Hobbs & Shaw a fun, but un­even ride

The Prince George Citizen - - News/A&E - Jake COYLE

NEW YORK — Add an “e” and Hobbs & Shaw might have been a time-trav­el­ling thriller about play­wright George Bernard Shaw and 17th cen­tury philoso­pher Thomas Hobbes.

Tan­taliz­ing as such a pair­ing may have been to the mak­ers of Fast & Fu­ri­ous, they have in­stead opted to, in the franchise’s first spinoff, com­bine two of the series’ sup­port­ing stand­outs, Dwayne John­son’s U.S. gov­ern­ment agent Luke Hobbs and Ja­son Statham’s for­mer Bri­tish agent Deckard Shaw, for an­other bal­let of Buicks and bul­lets.

Prob­a­bly a wise choice.

It’s dif­fi­cult to imag­ine the writer of Pyg­malion ca­reen­ing down the side of a sky­scraper in hot pur­suit of Idris Elba.

And when it comes to high-oc­tane ac­tion spectacles, few are bet­ter suited to the task than The Rock and Statham, who both make up with brawn and charisma what they lack in hair.

In the Fast & Fu­ri­ous franchise, which now num­bers eight films and more than $5 bil­lion in box of­fice, they’ve found a com­fort­able home – aside any headaches for John­son caused by co-star Vin Diesel.

That fric­tion be­tween John­son and Diesel was re­port­edly part of the ben­e­fit of this pit stop, with­out the whole gang, in be­tween con­tin­u­ing Fast & Fu­ri­ous ad­ven­tures.

But those off-cam­era tiffs are also per­fect for the speedy but soapy Fast & Fu­ri­ous world, where fam­ily squab­bles and ques­tions of loy­alty play out in be­tween death-de­fy­ing au­to­mo­tive stunts.

If Fast & Fu­ri­ous Presents: Hobbs & Shaw has a hard road to travel, it’s be­cause the franchise has con­sis­tently ratch­eted up its stunt game.

One of the real plea­sures of the last decade’s block­buster pa­rade has been to watch the Fast & Fu­ri­ous movies morph from a more sim­ple L.A. street-rac­ing tale into an in­creas­ingly ab­surd and over-thetop ac­tion ex­trav­a­ganza of mus­cle cars and mus­cle, where hot rods don’t just go fast but oc­ca­sion­ally leap be­tween build­ings and para­chute from the sky. Hobbs & Shaw seeks to an­swer that age-old ques­tion: What do you do for your next act af­ter you’ve blown up a sub­ma­rine with a Dodge?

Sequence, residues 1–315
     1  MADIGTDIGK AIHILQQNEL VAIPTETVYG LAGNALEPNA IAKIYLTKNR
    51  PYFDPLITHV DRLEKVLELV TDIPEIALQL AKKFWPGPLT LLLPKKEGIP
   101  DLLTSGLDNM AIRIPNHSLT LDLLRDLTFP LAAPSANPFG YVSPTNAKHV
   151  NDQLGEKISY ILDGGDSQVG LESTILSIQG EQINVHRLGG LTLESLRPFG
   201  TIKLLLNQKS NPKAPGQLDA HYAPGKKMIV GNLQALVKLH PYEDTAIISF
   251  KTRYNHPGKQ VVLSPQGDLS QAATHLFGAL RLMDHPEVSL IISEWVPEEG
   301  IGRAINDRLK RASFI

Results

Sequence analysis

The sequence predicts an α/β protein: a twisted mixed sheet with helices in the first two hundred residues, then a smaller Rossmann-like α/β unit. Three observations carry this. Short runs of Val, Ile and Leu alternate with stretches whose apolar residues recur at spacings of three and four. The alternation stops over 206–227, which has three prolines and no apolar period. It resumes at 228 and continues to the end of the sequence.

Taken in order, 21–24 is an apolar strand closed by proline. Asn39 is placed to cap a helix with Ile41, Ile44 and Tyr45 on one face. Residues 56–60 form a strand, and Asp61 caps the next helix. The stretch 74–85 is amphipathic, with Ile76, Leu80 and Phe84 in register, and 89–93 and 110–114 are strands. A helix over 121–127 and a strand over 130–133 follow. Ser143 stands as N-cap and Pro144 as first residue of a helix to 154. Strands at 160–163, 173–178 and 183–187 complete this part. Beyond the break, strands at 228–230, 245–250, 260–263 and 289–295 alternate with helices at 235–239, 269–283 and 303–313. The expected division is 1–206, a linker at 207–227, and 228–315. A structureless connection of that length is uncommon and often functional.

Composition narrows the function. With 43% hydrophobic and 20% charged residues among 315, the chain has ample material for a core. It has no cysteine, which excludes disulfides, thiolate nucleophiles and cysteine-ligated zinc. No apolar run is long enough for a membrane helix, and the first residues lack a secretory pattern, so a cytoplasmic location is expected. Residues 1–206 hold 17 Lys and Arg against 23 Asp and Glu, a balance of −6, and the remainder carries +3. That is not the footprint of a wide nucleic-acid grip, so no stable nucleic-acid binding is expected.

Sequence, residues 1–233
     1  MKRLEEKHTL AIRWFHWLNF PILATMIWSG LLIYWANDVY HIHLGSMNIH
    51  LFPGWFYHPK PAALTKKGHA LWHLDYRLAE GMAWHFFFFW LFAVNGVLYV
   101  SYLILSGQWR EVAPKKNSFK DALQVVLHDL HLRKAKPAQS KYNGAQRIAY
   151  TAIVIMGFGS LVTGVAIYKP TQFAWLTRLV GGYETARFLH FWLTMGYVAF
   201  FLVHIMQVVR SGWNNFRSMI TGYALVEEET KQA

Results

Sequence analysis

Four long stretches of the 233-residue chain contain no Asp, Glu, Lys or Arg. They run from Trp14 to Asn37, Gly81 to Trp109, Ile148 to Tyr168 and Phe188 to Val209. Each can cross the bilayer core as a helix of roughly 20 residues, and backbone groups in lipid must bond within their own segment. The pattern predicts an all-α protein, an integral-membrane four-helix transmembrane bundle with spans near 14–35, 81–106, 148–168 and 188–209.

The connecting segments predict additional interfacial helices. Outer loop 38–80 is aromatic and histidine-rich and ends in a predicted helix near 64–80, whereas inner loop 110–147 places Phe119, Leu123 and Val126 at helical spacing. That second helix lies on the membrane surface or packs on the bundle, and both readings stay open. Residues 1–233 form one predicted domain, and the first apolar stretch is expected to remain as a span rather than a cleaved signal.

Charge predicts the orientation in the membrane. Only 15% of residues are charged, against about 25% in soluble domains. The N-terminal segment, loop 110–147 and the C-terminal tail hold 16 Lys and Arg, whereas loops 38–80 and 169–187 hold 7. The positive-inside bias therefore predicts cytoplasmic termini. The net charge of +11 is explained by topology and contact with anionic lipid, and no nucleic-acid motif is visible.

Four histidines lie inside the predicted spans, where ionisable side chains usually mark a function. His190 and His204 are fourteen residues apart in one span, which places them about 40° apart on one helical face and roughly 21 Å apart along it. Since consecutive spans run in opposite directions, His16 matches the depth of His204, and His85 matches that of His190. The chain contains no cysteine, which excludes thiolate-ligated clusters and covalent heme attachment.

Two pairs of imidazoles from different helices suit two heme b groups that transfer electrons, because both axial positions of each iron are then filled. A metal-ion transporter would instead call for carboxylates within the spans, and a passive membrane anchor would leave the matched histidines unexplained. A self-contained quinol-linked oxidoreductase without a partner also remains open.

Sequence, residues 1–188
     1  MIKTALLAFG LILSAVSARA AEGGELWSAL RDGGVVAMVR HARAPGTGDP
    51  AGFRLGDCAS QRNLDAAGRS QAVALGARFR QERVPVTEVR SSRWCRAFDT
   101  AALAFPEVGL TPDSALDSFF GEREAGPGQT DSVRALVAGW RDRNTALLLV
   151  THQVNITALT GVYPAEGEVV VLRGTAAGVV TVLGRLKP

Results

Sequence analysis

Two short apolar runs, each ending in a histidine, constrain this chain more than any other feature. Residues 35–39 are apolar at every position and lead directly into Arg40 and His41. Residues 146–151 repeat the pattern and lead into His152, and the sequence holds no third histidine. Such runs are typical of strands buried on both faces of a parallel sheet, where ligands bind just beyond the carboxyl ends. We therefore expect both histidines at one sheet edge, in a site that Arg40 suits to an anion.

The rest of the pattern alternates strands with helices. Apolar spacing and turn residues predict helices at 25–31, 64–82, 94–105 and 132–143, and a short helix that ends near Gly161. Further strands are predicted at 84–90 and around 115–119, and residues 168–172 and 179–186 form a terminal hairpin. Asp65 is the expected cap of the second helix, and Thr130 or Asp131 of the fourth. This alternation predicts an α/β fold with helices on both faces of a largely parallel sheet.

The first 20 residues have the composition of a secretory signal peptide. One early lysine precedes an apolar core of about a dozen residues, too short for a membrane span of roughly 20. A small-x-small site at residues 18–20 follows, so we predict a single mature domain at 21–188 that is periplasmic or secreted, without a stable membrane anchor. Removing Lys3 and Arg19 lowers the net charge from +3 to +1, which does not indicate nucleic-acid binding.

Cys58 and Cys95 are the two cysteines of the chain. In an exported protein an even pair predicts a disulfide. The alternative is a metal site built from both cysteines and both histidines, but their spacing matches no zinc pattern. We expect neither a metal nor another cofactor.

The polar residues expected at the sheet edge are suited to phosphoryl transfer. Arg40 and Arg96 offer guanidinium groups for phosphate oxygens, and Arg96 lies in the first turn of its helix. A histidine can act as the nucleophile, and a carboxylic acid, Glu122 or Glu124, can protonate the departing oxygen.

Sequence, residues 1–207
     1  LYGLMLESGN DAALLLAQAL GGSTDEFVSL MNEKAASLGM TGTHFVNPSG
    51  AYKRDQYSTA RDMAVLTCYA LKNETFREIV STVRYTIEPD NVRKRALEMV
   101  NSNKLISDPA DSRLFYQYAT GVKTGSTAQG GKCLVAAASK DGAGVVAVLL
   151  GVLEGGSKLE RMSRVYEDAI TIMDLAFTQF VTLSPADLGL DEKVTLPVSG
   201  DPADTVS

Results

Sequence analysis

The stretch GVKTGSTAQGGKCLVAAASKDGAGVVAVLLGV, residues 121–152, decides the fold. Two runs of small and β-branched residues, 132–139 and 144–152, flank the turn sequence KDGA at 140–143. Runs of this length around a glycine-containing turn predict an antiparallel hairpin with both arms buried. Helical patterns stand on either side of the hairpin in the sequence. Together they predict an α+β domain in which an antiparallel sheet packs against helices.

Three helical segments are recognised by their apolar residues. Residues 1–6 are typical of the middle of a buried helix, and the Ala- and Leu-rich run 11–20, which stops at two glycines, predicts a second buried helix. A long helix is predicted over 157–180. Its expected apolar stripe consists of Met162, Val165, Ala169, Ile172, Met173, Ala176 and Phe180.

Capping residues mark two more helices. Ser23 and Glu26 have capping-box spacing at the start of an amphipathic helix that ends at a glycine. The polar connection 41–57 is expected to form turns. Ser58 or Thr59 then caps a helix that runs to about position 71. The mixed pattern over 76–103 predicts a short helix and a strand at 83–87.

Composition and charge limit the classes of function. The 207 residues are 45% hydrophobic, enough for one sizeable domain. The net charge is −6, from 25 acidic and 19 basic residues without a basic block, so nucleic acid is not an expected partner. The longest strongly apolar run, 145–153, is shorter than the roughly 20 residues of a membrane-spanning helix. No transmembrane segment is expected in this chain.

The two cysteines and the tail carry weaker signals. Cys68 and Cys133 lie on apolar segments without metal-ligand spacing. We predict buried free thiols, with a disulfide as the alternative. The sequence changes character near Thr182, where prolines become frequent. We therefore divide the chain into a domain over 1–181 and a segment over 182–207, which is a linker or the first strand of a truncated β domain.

Hobbs & Shaw has some nifty moves (in one scene, a Chevy flies a he­li­copter like a kite), but it’s slightly dis­ap­point­ing in terms of sheer ridicu­lous­ness. It earns some points for a cen­ter­piece showdown, seem­ingly de­signed for Chornobyl fans, set among re­ac­tors at a Rus­sian nu­clear power plant. But at this point, we ex­pect – no, de­mand – to see Lam­borgh­i­nis on the moon.

In­stead, the en­ter­tain­ment of Hobbs & Shaw, di­rected by stunt co-or­di­na­tor­turned-di­rec­tor David Leitch (Dead­pool 2, Atomic Blonde), rests more with its cast, in­clud­ing its two leads. But just as sig­nif­i­cant are two ma­jor new ad­di­tions: Elba’s vil­lain, a cy­borg mer­ce­nary named Brix­ton, and Shaw’s sis­ter Hat­tie (Vanessa Kirby), an MI6 agent whose theft of a su­per virus from Brix­ton sets the glo­be­trot­ting plot in motion.

Hobbs and Shaw are called in to the save the world, a job they are both ea­ger for. (Hobbs says, se­ri­ously, that he had been “track­ing some dark web chat­ter” on the virus.) But it’s a part­ner­ship they loath.

If Hobbs & Shaw lacks in mem­o­rable stunt work, it tries to make it up with bick­er­ing and put-downs be­tween the two, a shtick that vac­il­lates be­tween funny and tire­some. But it’s the kind of stuff John­son ex­cels at.

They also have re­in­force­ments. Elba’s char­ac­ter, who boasts dig­i­tal eyes and a self-driv­ing mo­tor­cy­cle, takes the franchise in a more sci-fi di­rec­tion that doesn’t fit the street-level na­ture of Fast & Fu­ri­ous. But Elba is never not an im­pos­ing pres­ence; the movie straight­ens up when­ever he’s in it.

With such ti­tans as Elba and John­son in the movie, it’s a won­der how smoothly and com­pletely Kirby stakes her claim, too.

In a movie full of the ex­pected, she’s the happy sur­prise and a breath of fresh air. In the miles be­tween The Crown and Hobbs & Shaw, Kirby has swiftly proven her­self ca­pa­ble of an ex­tra­or­di­nary range.

The chemistry be­tween the four, along with wel­come comic cameos from Ryan Reynolds and Kevin Hart, fuel Hobbs & Shaw more than its mostly fa­mil­iar ac­tion scenes and plot turns. It’s a herky-jerky ride, with ge­nial com­pany.

Usu­ally, it’s pleas­ingly aware of its own silli­ness. But there are blind spots.

The third act shifts to an old-school fight in Samoa and speeches about hav­ing “heart” that build on a man vs. ma­chine dy­namic set up by Elba’s part-ro­bot char­ac­ter.

But if ever there was a movie franchise that be­lieves, with op­er­atic fer­vour, in well-oiled ma­chines, it’s Fast & Fu­ri­ous.

— Two and a half stars out of four

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